Desire, Power, and Intimacy: A Review of Alexis Rhone Fancher’s Enter Here


Enter Here
Alexis Rhone Fancher
KYSO Flash Press, Seattle, Washington
ISBN: 978-0-9862703-7-6 

Alexis Rhone Fancher’s newest book, Enter Here, interplays desire, power, and intimacy. Her images are startling yet subtle, allowing the language of poetry and prose to both shock and comfort the mind and heart. She moves between majestic writing and down-to-earth slang, buzzing the reader with the skill of a master poet. “Tonight I Dream of My Second Ex-Husband, Who Played Piano Better Than Herbie Hand-Cock” begins:

Naked and unperturbed, hard-on the size of an Eagle Scout’s flashlight, he watches me sleep, standing at my bedside like he still lives here. Framed drawings of me, seventeen and naked, hang like cautionary muses above my bed. His eyes devour them like that sweet girl still exists. Like he didn’t grind her into extinction with each lie, each humiliating indiscretion. In this dream he’s twenty-five, and almost sure he loves me.

Oscillating between the past and what the narrator still wants, the poem ends in an abandonment to desire:

When I reach for the dildo on the nightstand, it starts itself.

Enter Here flings open bedroom, motel, and car doors, reclaiming the power of female sexual desire. There’s no equating of inner turbulence with female weakness. In “Roman Holiday,” the narrator and her sister travel through Europe:

We stroll Villa Borghese like lovers.
The air reeks of jasmine.
We have just viewed the Caravaggios,
and are drunk on art and our own power.

The narrator then lists their sexual conquests in a way that reveals much about the sisters, and the poem closes with a free-spirited conclusion/suggestion.

The poems of Enter Here are about a noir Los Angeles whose inhabitants share an interest in danger and are equals in the quest for dominance. Rhone Fancher writes of the power of the female body and female desire. Girls and women are freed from their roles of muse or keeper of the hearth. Her females claim their portion of power’s pleasures and rewards, and troubles and consequences, redefining the roles of hunter and hunted. From “Spreading My Legs for Someone (Posing for Pirelli)”:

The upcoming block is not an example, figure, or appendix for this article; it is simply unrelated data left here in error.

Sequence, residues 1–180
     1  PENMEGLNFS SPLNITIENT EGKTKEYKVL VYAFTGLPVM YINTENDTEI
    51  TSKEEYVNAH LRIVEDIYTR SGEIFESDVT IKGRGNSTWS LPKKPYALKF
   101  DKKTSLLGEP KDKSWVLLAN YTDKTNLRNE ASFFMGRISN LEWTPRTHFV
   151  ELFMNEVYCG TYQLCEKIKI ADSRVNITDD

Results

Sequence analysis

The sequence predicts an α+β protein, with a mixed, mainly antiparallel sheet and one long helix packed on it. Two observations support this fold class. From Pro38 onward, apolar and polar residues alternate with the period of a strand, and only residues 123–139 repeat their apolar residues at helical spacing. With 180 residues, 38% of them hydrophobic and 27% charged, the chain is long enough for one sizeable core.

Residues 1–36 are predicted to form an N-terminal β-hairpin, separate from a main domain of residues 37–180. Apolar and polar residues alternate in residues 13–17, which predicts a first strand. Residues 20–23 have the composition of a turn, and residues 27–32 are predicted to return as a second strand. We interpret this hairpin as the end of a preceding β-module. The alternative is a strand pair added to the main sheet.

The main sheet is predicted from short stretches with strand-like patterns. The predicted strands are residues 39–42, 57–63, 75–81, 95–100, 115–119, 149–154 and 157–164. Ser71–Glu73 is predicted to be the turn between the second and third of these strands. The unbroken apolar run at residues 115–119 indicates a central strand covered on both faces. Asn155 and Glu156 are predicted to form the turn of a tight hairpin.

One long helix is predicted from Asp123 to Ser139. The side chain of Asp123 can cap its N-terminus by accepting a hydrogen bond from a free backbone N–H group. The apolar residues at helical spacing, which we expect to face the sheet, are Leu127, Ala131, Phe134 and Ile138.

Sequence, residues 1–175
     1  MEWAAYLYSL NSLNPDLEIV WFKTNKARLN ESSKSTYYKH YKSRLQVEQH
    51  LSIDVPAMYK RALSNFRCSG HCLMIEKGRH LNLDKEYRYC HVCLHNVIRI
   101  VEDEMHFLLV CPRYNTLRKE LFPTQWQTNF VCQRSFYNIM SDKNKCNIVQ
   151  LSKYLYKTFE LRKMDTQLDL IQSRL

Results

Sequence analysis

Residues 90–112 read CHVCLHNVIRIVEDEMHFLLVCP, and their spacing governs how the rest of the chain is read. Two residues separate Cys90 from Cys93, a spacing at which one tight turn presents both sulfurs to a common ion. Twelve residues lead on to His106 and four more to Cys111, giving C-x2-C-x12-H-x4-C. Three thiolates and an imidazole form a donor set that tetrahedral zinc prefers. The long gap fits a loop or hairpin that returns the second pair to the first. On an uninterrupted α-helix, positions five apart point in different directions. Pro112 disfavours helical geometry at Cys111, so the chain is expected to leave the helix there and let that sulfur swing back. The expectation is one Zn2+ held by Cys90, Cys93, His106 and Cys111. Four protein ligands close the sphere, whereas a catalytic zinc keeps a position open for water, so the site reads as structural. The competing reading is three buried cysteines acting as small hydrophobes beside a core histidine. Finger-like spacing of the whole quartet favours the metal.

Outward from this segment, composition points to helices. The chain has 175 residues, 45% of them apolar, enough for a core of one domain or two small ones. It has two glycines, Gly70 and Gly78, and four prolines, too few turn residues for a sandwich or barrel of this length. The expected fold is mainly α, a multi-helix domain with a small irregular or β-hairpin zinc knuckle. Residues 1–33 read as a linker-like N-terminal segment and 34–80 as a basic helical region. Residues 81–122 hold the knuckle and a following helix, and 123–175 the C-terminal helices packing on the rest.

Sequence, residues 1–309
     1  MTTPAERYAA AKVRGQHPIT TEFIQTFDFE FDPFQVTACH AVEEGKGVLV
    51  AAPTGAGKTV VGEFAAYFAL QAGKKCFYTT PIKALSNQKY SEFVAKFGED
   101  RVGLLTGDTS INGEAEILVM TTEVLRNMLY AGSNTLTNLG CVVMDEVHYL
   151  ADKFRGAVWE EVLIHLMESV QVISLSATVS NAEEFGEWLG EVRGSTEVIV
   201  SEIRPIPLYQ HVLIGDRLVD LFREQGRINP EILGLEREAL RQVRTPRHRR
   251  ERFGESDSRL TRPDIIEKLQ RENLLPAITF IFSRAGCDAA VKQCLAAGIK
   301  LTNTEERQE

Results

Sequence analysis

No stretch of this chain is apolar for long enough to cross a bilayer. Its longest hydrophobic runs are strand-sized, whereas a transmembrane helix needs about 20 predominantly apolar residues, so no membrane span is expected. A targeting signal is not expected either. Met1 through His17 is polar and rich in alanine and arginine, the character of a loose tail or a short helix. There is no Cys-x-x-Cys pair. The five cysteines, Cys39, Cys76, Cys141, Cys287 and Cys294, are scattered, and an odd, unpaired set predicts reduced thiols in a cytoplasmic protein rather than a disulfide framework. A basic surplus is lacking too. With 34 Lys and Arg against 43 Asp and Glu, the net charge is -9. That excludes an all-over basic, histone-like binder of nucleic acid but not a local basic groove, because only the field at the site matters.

There was nothing on the agency man’s glass-topped
brain but my nakedness.
He wouldn’t meet my eye.

But, as in the last stanzas of ”the cool wind comes through me like Jamaica,” love haunts the hallways:

if she loved you as I do,
you wouldn’t be here.

I wouldn’t taste like you.

Rhone Fancher’s poetry captures the cadences of speech, culture, subtext, and humor. “Tonight I Dream of My Last Meal with My First Ex-Husband, Who Was both Fickle and Bent” concludes:

Never could made up his mind. His dick (did I mention?) was slanted to the left,
like his politics. A girl could get addicted to that bit of kink.

Enter Here’s last roar of a poem, “this small rain,” ends in this whispered admission:

in this drought-wracked city,
this small rain scans the heavens,
looking for a monsoon,
searching for su salvador
in the reclaimed desert sky.

Rhone Fancher’s superb photographs share the pages with these magnificent poems. Her book is beautiful, the whole of it, with an arc so powerful that when you find yourself holding a whisper at the end, it takes you, one last time, by surprise. Accept the poet’s invitation. Follow the directive. Enter Here. You’ll be glad you did.

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